If you ever want to get out of debt, you must have some money saved. Sounds ironic, doesn't it? However, the credit cards are never going to get paid off if you keep using them for every emergency that comes along. Even if you are an awesome planner, stats show that half of us experience at least one totally unexpected expense each year (and half of those will be unexpected car trouble).
So before you start aggressively paying off your credit cards, you should save up $500 to $1,000 as a reserve fund. Then when unexpected things come up, you can pay them out of your reserve fund rather than put them on your credit cards. Maintaining a reserve fund will also help you to notice if your spending is getting out of hand.

Unforeseen Expenses

What will you do if your car needs some major repairs? Do you have $500 to $3,000 on hand? What if your house needs some repairs, or it is discovered that you are living in a building that leaks? You can’t always count on the bank to lend you money for these things. It is much better to anticipate a worst-case scenario and have some money saved.


As much as we hope that emergencies won’t happen, we all know that they do. A family member can develop a health issue, you might need to make an emergency trip, you may have a car accident or breakdown, severe weather could flood your basement or crack your pipes, or you may have to fly to a loved one’s funeral. Any of these emergencies can be expensive, and we all know that we will likely encounter some sort of emergency from time to time. So why not be prepared rather than potentially become another victim of an emergency.

You Could Lose Your Job or Get Hurt

You could suddenly lose your job, your business could dry up, you might get injured—either physically or psychologically or become too sick to work. Any of these things can happen to you. Employment Insurance (EI) doesn’t kick in until you have been unemployed for 6 weeks. Do you have enough savings to tie you over or will you be living on credit? Living on credit during a time like this can quickly make a bad situation worse. Minimum payments become higher and higher until they are unaffordable and credit limits no longer budge. Then when you finally do get some income, what used to be enough doesn't get you by because you have all these new debt payments to make each month. So now you need more income than before because you'll need to pay down these debts and eventually work to get them paid off.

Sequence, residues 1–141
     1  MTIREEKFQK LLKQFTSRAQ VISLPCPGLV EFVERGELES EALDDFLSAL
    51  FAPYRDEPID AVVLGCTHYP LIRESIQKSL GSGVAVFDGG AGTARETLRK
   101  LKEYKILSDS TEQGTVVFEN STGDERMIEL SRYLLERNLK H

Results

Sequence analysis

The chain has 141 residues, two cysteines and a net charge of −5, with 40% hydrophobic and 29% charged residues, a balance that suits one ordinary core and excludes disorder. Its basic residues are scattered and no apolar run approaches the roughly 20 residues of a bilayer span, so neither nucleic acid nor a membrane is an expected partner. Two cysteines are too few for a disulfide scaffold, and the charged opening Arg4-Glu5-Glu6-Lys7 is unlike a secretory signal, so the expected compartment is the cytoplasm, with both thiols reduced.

There is a little-known truth that happiness can come from being organized. Being organized isn’t going to make you happy all by itself, but it can sure help. There’s so much in your future that you don’t have control over, so putting aside some money to spend when you need it is organizing and taking control of your future and financial affairs. You have nothing to lose by saving - and only a happier future to gain.

Free Family Budget Planner Sheet 

Families who are serious about their financial future will find value in creating a family budget planner. Whether to save for buying a car or family house or putting kids through college, a family budget planner template will help create your yearly budget for your family to accomplish your goals. This family budget planner template breaks down all family income and expenses on a monthly basis, and provides a roll-up of year to date totals for each category. Download Here